2012 Fall Term
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CHEMISTRY FOR THE CONSUMER (GL)
A critical examination of those chemical products which have a significant impact upon the daily life of the consumer. Attention will be focused from the consumer viewpoint upon food additives, prescription and non-prescription drugs, fuels, pesticides, detergents, synthetic fibers and plastics. Meets General Studies laboratory science requirements.
INTRODUCTORY CHEMISTRY (GL)
An introduction to the general concepts of chemistry including matter and energy, atomic and molecular structure, bonding, reactions and stoichiometry, gas laws, changes of state, thermochemistry, acid-base theory, solutions, colloids, kinetics, equilibria and electrochemistry.
INTRODUCTORY CHEMISTRY (GL)
A continuation of CHEM 102.
INTRODUCTION TO CHEMISTRY
An introduction to career tracks and career opportunities in chemistry. This course will feature readings on different career possibilities in chemistry and visiting lectures by practicing chemists. Professional skills, identification of career tracks, and scientific and technical communication will be emphasized. One hour lecture per week.
Introductory chemistry of the compounds of carbon, their structures and reactions. Taken primarily by chemistry majors and pre-professional students. The foundation for understanding organic reactions is established with an emphasis on bonding, functional groups, three dimensional structure of organic molecules, relationship between structure and reactivity, kinetics, and reaction mechanisms. Three hours of lecture per week.
A continuation of CHEM 251. The goal is to further examine the structure & reactivity relationship with emphasis on reactions and synthesis. It also illustrates how structural features considered in 251, combined with organic reactions learned in 252, can be sources of insight in the overall design of natural products and synthesized materials. Three hours of lecture per week.
ORGANIC CHEMISTRY LABORATORY
Basic organic manipulative techniques and simpler syntheses are considered. Spectroscopic topics are introduced. Generally taken concurrently with CHEM 251. Two three-hour laboratories per week.
An introduction to volumetric, gravimetric and photometric techniques and fundamental methods of instrumental analysis. Three one-hour lectures and two three-hour laboratory periods per week. (Fall only)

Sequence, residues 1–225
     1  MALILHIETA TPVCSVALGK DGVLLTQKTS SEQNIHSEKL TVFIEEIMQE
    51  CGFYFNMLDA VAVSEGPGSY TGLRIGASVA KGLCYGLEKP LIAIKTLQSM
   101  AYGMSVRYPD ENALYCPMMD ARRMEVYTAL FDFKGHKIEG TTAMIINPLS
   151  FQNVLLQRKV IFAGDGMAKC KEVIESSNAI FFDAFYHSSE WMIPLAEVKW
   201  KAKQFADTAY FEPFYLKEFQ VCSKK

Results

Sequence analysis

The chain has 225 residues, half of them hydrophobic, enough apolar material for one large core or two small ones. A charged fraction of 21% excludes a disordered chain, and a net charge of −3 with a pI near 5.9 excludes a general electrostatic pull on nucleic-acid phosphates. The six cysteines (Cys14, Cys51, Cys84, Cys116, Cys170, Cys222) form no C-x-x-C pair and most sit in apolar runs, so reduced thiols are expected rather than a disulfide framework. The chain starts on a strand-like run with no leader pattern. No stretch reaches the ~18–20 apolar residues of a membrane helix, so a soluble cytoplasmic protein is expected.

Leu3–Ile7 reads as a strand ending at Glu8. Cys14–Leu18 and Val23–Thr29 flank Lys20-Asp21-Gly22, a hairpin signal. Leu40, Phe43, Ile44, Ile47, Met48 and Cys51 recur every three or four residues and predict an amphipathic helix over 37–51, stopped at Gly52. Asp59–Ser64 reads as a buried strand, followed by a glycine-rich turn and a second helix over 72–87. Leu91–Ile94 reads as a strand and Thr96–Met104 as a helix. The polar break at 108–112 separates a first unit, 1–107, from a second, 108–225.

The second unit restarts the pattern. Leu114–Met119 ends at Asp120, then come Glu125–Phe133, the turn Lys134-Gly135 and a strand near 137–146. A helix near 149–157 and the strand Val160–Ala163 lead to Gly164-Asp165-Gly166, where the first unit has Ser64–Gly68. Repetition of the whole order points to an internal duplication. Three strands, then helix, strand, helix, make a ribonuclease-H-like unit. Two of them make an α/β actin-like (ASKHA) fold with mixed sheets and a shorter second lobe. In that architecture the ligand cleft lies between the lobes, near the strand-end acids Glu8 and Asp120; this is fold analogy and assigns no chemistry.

The general principles governing the behavior of matter are investigated. Topics include atomic structure and quantum machanics, spectroscopy and topics in solid state chemistry. Three hours of lecture weekly. (Fall only)
BIOCHEMISTRY OF MACROMOLECULES
The chemistry of the major compounds of living organisms, e.g., proteins, carbohydrates, lipids and nucleic acids, are studied. Meets for 3 lectures/week, and is required for all Chemistry majors.
ADVANCED ORGANIC CHEMISTRY
Lectures on advanced topics in organic chemistry. (Fall only)
ADVANCED INORGANIC CHEMISTRY
Atomic and molecular structures, chemical bonding and periodic properties of the elements. Synthesis, characterization and structures of the componds involving both representative and transition elements, organometallic and bioinorganic compounds and their applications. Group theory and bonding theories. (Spring of even numbered years)
EXPERIMENTAL PHYSICAL CHEMISTRY
A laboratory course in experimental physical chemistry. Experiments from various areas of physical chemistry will be performed. Four hours of laboratory per week. (Fall only)
TOPICS IN CHEMISTRY
A course where students will use chemical and scientic literature, introduction to the seminar concept, participation in studies and discussion of current developments in chemistry. The student will review a topic and present that topic orally and in writing. This course may not be used as part of the Chemistry minor.
SENIOR HONORS THESIS
The senior honors thesis is a requirement of the honors program which is designed to recognize a student's exceptional dedication and ability. Students will complete a substantial research project in their senior year. Results must be written up as a thesis, presented in a seminar, and defended orally.
INDEPENDENT STUDY - UNDERGRADUATE RESEARCH
Study of a selected topic or topics under the direction of a faculty member. Repeatable for a maximum of 6 credits in major/degree. Credits in this course may not be used to fulfill minor requirements in Chemistry.